D.C. officials reported 11 new deaths Sunday, bringing the toll in the nation’s capital to 251.

In Maryland, an additional 30 deaths were reported, including 13 in Montgomery County. Prince George’s County added eight new deaths. A total of 1,281 people statewide have succumbed to the disease.

On a positive note, for the third consecutive day the number of covid-19 patients hospitalized statewide in Maryland decreased. As of Sunday, there were 1,635 patients in the hospital, the lowest number in five days.

Residents across the Washington region have been locked down since late March. Hogan has released a plan that outlines how to reopen the state in three stages and has estimated that the first phase could happen in early May.

Virginia Gov. Ralph Northam (D) also is hearing from residents and businesses who want restrictions eased. Northam’s order closing most nonessential businesses is set to expire Friday, and the governor said last week that he will have guidance Monday on whether he intends to extend the ban.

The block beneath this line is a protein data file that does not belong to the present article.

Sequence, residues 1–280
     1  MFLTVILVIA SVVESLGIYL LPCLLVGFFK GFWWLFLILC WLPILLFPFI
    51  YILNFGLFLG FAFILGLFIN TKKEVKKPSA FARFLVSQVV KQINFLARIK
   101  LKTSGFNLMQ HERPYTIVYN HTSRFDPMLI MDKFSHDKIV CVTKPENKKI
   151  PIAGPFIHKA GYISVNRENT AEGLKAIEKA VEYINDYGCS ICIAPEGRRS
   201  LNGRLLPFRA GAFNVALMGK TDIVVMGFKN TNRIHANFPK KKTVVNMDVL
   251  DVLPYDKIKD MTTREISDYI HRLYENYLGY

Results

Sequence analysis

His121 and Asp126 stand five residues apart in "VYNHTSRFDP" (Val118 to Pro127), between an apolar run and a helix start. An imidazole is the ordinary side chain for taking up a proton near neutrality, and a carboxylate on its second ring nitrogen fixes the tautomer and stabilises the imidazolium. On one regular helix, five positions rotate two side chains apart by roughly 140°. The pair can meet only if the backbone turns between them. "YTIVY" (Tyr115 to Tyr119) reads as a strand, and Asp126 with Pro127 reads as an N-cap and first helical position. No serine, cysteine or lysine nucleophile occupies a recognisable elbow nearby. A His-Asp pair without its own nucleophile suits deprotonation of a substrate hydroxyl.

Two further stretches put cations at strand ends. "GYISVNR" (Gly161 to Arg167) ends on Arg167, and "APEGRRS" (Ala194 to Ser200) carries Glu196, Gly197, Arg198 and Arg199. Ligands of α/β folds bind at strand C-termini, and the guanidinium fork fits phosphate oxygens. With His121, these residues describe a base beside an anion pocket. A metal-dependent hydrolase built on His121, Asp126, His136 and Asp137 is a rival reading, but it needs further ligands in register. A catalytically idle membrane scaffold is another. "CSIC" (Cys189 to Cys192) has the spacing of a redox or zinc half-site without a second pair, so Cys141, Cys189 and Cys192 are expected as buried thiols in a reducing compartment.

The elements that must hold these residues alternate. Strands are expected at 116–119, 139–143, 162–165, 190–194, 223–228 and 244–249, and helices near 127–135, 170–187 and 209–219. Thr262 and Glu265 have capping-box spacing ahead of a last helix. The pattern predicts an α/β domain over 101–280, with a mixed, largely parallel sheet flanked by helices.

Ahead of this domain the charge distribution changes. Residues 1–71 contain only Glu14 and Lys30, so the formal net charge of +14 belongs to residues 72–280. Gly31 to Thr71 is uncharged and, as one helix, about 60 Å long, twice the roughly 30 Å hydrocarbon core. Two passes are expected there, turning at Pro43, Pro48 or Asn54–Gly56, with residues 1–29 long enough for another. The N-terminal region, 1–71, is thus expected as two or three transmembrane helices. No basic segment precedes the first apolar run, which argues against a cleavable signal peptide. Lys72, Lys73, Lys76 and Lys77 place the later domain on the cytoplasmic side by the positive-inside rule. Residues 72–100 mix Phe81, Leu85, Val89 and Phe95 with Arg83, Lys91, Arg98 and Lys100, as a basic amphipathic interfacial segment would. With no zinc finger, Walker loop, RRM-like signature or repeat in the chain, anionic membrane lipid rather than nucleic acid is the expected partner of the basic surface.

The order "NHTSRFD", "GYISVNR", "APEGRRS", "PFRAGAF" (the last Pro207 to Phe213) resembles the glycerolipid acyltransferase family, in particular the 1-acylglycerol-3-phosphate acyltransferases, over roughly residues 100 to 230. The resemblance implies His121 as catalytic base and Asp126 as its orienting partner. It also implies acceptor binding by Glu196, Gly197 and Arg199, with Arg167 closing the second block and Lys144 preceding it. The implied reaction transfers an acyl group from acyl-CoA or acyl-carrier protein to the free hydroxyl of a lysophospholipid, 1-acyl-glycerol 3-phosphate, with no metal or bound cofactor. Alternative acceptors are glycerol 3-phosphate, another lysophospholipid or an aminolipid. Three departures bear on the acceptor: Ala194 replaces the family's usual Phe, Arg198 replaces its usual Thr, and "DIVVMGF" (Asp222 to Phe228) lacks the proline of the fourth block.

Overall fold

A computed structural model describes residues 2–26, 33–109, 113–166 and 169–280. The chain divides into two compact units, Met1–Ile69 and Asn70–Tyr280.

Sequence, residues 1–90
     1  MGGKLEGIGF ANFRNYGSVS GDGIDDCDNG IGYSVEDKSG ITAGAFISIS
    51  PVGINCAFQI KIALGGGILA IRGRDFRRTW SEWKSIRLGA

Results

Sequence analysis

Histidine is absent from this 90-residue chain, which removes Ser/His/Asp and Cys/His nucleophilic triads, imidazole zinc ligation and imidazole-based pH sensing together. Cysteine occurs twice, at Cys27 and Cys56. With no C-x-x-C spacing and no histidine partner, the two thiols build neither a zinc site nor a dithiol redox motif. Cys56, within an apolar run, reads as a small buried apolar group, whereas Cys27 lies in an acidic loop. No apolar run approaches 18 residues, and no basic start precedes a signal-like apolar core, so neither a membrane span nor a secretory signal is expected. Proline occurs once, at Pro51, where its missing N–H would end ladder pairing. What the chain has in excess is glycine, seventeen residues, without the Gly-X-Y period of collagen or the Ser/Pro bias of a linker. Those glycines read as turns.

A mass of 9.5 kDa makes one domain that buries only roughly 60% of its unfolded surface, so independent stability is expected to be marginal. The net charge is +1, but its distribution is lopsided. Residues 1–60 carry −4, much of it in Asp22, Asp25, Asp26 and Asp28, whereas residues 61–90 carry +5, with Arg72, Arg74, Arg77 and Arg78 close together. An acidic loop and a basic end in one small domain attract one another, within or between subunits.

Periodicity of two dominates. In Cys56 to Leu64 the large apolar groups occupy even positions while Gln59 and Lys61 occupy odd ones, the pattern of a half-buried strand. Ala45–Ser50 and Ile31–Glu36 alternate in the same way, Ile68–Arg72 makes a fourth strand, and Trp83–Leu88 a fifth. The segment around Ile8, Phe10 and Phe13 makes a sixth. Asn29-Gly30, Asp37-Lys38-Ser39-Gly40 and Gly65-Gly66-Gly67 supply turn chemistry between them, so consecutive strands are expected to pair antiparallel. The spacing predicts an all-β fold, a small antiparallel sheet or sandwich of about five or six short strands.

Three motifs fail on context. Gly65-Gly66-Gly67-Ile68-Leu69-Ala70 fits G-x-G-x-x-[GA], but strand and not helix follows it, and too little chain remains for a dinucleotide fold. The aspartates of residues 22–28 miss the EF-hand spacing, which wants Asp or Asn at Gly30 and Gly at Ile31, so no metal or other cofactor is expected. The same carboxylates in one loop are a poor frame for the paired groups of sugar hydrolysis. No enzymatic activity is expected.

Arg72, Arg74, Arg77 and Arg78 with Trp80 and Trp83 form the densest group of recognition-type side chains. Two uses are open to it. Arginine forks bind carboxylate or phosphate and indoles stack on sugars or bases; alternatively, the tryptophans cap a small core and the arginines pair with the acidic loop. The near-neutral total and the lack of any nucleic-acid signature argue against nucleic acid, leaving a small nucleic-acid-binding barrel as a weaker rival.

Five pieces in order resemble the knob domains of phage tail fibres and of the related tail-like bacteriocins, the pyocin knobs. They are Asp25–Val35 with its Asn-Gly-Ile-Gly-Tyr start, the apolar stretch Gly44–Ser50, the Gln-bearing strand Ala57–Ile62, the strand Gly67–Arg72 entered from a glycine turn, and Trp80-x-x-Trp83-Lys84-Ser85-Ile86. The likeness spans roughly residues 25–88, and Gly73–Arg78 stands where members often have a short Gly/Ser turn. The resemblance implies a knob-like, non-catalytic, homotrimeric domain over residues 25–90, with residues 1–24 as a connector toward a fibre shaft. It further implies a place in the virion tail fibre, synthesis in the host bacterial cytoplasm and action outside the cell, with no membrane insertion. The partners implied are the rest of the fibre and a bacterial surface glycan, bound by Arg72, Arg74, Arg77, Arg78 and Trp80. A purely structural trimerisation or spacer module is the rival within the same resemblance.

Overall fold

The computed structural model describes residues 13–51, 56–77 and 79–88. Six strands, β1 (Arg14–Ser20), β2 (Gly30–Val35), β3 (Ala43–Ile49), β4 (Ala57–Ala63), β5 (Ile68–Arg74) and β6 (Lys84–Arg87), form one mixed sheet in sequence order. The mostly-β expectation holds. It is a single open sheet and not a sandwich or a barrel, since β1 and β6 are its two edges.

As of Friday, Northam had lifted a ban on non-emergency procedures for doctors, dentists and veterinarians.

Hogan, Northam and D.C. Mayor Muriel E. Bowser (D) have said any reopening of the region would be a coordinated effort. Hogan has said he won’t consider lifting stay-at-home measures until the state sees either a consistent plateau or downward trend in new hospitalizations and new intensive care unit patients.

Even so, he and leaders in other states continue to face pressure from some corners to reopen more quickly. On Saturday, a modest crowd of residents frustrated by the prolonged social distancing restrictions held a rolling “Reopen Maryland” protest from Frederick to Salisbury.

Rep. Andy Harris (R-Md.) gave the keynote speech and likened Hogan’s restrictions on church gatherings to the autocratic regimes of China and North Korea.

“Everybody has a right to protest and express their feelings,” Hogan said in response, during his CNN appearance Sunday. “Sadly, we had far more people die yesterday in Maryland than we had protesters.”